Wrens are often named for their preferred habitat. House Wrens, Rock Wrens, Canyon Wrens and Marsh Wrens usually show up where their name implies. A Marsh Wren sighting is often a fleeting glance as it flits across the wetland and dives in low among the cattails and rushes. There they forage close to the water picking insects and spiders from the stems and leaves of vegetation and the water’s surface.
This round-bodied bird is rusty brown above with black and white streaks on its back. Its undersides are pale and plain, and it has a pale eyebrow, white throat, and thin bill. Dark barring marks its short tail, which is usually held upright.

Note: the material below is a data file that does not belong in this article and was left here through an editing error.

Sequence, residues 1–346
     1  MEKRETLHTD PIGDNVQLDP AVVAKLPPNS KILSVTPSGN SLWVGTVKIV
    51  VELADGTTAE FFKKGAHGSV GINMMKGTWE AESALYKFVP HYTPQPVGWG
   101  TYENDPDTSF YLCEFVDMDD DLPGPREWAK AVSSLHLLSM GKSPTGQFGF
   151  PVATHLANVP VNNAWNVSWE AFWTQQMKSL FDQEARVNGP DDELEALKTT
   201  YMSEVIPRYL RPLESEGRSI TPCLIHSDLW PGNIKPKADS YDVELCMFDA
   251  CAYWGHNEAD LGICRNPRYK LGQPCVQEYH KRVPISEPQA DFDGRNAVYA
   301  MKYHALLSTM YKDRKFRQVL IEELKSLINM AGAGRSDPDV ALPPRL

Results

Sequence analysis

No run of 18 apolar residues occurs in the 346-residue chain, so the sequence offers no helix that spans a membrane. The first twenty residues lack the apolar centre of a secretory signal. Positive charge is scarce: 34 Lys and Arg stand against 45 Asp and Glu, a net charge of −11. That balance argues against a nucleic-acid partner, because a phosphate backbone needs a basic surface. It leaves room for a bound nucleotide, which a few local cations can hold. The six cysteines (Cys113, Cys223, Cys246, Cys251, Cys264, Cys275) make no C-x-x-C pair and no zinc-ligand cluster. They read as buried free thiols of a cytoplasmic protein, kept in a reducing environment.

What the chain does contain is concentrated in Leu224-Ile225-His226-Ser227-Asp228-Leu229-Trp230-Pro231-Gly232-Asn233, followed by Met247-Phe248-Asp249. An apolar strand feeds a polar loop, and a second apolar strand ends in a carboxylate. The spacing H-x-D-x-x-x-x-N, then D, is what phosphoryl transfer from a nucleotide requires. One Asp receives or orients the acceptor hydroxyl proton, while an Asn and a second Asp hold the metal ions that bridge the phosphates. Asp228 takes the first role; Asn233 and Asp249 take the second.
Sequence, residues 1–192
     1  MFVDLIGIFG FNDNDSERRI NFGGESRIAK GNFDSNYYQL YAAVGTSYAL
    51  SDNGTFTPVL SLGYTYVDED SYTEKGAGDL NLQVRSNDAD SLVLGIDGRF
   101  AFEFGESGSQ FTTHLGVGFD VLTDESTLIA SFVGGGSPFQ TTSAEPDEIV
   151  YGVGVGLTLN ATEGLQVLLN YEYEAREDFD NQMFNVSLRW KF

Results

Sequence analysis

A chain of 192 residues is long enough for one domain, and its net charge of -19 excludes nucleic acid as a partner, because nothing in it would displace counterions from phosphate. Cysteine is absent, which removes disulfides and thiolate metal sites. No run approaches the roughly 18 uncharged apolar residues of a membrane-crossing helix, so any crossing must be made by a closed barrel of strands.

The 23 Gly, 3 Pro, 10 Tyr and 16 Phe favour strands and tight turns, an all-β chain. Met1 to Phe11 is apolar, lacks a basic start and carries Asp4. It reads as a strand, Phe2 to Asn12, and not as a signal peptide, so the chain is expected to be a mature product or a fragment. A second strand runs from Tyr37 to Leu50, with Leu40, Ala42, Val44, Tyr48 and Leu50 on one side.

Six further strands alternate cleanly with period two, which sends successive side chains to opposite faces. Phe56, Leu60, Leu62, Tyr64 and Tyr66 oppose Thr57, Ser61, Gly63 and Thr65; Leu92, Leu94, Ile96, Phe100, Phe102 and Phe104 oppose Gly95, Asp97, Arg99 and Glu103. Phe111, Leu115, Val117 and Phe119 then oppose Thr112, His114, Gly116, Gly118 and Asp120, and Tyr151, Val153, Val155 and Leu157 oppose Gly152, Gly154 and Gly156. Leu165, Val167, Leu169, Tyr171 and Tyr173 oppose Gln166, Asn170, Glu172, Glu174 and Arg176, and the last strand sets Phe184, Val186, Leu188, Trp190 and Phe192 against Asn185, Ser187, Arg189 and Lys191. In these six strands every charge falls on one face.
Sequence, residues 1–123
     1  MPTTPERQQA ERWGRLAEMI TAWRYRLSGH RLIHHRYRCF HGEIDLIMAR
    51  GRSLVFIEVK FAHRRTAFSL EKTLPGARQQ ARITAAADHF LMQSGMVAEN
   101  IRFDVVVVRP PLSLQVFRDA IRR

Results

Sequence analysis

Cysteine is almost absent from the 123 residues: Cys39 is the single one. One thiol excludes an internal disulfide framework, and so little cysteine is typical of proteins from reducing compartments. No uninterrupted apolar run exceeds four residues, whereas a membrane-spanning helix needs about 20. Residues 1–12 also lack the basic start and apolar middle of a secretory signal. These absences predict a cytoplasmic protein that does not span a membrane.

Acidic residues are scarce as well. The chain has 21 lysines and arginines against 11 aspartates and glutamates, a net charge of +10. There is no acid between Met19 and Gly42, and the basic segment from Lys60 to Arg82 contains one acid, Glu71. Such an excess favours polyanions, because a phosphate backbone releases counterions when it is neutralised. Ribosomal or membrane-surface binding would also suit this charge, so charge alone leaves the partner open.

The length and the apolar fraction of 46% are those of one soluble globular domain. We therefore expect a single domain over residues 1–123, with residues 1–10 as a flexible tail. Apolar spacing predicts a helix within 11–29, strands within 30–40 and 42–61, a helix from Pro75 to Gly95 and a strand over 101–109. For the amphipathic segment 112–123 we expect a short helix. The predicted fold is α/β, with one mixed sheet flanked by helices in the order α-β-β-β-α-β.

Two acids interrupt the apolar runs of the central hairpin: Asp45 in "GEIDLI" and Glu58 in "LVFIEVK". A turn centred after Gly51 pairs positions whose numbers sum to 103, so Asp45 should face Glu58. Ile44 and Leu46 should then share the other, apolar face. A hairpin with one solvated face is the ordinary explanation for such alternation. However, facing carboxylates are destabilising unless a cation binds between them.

Broadcasting your presence through thick, marsh vegetation requires a loud voice, and this tiny bird has one. Its chattering calls are mechanical, sounding like a rapid-fire sewing machine, but male songs used to attract mates and defend territory are complex.
Males arrive first on breeding grounds and start building nests. These busy birds often build up to six dummy nests to show off to a prospective mate and will often breed with more than one. One male was observed to build more than 20 nests in his territory.
Listen for their loud calls in the cattails and you just might be lucky enough to spot one.
Bird of the Week is brought to you by Audubon Rockies and Weminuche Audubon Society.